Four New Year’s Planning Resolutions

by | Estate Planning

The new year is always a time to take stock of the previous year and to make positive changes for the months ahead. Here are several resolutions that your clients should keep, in 2014 and beyond.
1. Review and Update Retirement Plan and Life Insurance Beneficiary Designations
Many retirement accounts, like 401(k)s and IRAs, allow you to choose who will receive the account when you are gone, and life insurance policies obviously have beneficiaries you name in advance. In many cases, retirement assets and life insurance will make up the majority of the inheritance that is left for your family. It would be a shame if these important assets were squandered because you failed to name the proper beneficiaries.
One of the biggest problems with these beneficiary designations is that they are not always set up to allow the beneficiaries the tax benefit of stretch distributions, particularly if the beneficiary is a trust. A trust can absolutely qualify as a “designated beneficiary,” allowing the beneficiary to stretch distributions, but the trust must be drafted properly to qualify, and the beneficiary designation must be written correctly in order to qualify.
If your family has beneficiaries with special needs, another problem with the beneficiary designations is that they are not always very specific. For instance, a beneficiary designation may say that the primary beneficiary is your “spouse” and the contingent beneficiary is your “children.” If one of those children has special needs, then according to the beneficiary designation that child is entitled to receive his share of the account or insurance policy outright. If the child receives government benefits, or if he is simply not very good with money, then the receipt of a large inheritance could be disastrous.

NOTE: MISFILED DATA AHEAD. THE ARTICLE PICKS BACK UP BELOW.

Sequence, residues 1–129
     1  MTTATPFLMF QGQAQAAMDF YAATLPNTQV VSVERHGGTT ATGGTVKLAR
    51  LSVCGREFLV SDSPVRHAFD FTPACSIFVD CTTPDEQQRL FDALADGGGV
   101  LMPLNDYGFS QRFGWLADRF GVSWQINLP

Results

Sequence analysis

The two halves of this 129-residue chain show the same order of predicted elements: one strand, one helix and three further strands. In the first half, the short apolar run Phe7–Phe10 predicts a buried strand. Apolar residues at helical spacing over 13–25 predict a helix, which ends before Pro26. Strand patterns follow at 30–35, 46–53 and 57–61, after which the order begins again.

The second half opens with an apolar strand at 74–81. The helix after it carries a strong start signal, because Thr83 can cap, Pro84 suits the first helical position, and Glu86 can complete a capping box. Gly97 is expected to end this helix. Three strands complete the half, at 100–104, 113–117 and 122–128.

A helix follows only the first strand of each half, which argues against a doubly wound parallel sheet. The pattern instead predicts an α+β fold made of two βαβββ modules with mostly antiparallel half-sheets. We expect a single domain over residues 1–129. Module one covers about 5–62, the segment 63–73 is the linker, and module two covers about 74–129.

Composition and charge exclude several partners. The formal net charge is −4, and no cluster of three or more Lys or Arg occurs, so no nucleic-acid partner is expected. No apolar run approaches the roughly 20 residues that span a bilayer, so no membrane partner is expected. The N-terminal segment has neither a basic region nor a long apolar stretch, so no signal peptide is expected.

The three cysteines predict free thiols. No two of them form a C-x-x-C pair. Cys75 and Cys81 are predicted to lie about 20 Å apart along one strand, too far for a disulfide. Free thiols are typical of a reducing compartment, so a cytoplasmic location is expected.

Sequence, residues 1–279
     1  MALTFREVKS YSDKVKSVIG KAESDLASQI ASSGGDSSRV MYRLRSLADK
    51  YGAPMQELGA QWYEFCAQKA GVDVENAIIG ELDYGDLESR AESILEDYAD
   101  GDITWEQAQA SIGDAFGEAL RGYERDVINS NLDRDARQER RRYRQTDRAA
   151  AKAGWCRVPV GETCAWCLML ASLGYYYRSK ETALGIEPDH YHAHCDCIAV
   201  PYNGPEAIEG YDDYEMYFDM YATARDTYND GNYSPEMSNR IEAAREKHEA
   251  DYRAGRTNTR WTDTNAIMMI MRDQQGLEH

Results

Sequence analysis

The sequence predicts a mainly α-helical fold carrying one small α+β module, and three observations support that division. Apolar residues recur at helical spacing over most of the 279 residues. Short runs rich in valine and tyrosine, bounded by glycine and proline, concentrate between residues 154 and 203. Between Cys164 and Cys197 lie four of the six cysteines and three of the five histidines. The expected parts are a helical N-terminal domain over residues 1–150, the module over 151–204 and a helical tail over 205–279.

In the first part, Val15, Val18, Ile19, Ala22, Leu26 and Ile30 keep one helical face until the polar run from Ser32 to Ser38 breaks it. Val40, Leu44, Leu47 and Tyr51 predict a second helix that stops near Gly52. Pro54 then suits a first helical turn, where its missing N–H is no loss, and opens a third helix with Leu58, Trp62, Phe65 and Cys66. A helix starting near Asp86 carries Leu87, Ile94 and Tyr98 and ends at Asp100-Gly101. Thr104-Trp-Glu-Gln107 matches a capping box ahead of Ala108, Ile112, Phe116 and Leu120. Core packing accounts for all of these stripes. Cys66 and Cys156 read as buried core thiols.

This new year, make a resolution to review your retirement plan and insurance policy beneficiary designations. There are many ways to have your children inherit the funds without having to give them the money directly. For example, the life insurance policy could fund a trust for the beneficiary (or even a special needs trust if appropriate). An IRA could be left to a Retirement Trust designed specifically to be a “designated beneficiary” for that asset, which grants the benefits of wrapping a trust around that asset along with the ability to get the tax benefits of stretch distributions.
2. (Finally!) Create Your Estate Plan
We all know we need a plan, but research tells us that 65 to 70% of people don’t even have a Will. Even worse, if you’ve “done a will” with a DIY program, the result can sometimes be worse than not doing anything at all. Those “online document” services can provide a (false) sense of security that the plan is done and everything is taken care of, because it is very difficult to tell when the documents they provide are deficient. Some of the biggest, most expensive, most time-consuming estate messes that happen after someone has passed away involve those DIY documents. The effect on a family that is dealing with a mess like that can be devastating.
3. Special Needs Families Need Special Steps
Learn More About Your Family Member’s Government Benefits
Government benefit programs for people with special needs can be one confusing jumble of acronyms. Most families are lucky to know the difference between SSI and SSDI, let alone how those programs work in detail. Yet in many cases, family members are the people responsible for managing money for a loved one, and the decisions that they make when it comes to spending that money can have life-altering ramifications for the person with special needs.